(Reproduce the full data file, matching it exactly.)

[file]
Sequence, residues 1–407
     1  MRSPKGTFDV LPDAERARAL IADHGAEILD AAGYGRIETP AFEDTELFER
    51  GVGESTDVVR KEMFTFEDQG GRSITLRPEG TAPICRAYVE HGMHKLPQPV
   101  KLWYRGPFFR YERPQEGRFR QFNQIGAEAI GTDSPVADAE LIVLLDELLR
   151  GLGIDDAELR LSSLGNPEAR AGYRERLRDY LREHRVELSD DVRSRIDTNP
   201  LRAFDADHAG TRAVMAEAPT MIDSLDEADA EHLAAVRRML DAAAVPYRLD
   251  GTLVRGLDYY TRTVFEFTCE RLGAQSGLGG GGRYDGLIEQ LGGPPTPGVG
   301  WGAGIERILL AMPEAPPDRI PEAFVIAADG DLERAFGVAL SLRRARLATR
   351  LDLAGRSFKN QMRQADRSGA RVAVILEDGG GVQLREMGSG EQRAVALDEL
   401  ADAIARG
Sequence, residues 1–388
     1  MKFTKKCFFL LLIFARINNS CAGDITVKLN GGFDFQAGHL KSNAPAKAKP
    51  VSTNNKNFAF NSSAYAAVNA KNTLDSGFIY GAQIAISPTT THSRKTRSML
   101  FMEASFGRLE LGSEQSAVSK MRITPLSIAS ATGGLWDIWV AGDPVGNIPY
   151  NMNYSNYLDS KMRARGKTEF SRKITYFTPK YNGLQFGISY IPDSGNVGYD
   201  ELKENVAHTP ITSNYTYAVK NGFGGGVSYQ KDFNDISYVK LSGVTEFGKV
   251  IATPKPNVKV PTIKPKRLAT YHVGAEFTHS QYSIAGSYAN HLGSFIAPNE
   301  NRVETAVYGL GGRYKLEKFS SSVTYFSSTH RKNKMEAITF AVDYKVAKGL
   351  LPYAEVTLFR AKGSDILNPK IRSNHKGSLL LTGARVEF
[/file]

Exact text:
Sequence, residues 1–407
     1  MRSPKGTFDV LPDAERARAL IADHGAEILD AAGYGRIETP AFEDTELFER
    51  GVGESTDVVR KEMFTFEDQG GRSITLRPEG TAPICRAYVE HGMHKLPQPV
   101  KLWYRGPFFR YERPQEGRFR QFNQIGAEAI GTDSPVADAE LIVLLDELLR
   151  GLGIDDAELR LSSLGNPEAR AGYRERLRDY LREHRVELSD DVRSRIDTNP
   201  LRAFDADHAG TRAVMAEAPT MIDSLDEADA EHLAAVRRML DAAAVPYRLD
   251  GTLVRGLDYY TRTVFEFTCE RLGAQSGLGG GGRYDGLIEQ LGGPPTPGVG
   301  WGAGIERILL AMPEAPPDRI PEAFVIAADG DLERAFGVAL SLRRARLATR
   351  LDLAGRSFKN QMRQADRSGA RVAVILEDGG GVQLREMGSG EQRAVALDEL
   401  ADAIARG
Sequence, residues 1–388
     1  MKFTKKCFFL LLIFARINNS CAGDITVKLN GGFDFQAGHL KSNAPAKAKP
    51  VSTNNKNFAF NSSAYAAVNA KNTLDSGFIY GAQIAISPTT THSRKTRSML
   101  FMEASFGRLE LGSEQSAVSK MRITPLSIAS ATGGLWDIWV AGDPVGNIPY
   151  NMNYSNYLDS KMRARGKTEF SRKITYFTPK YNGLQFGISY IPDSGNVGYD
   201  ELKENVAHTP ITSNYTYAVK NGFGGGVSYQ KDFNDISYVK LSGVTEFGKV
   251  IATPKPNVKV PTIKPKRLAT YHVGAEFTHS QYSIAGSYAN HLGSFIAPNE
   301  NRVETAVYGL GGRYKLEKFS SSVTYFSSTH RKNKMEAITF AVDYKVAKGL
   351  LPYAEVTLFR AKGSDILNPK IRSNHKGSLL LTGARVEF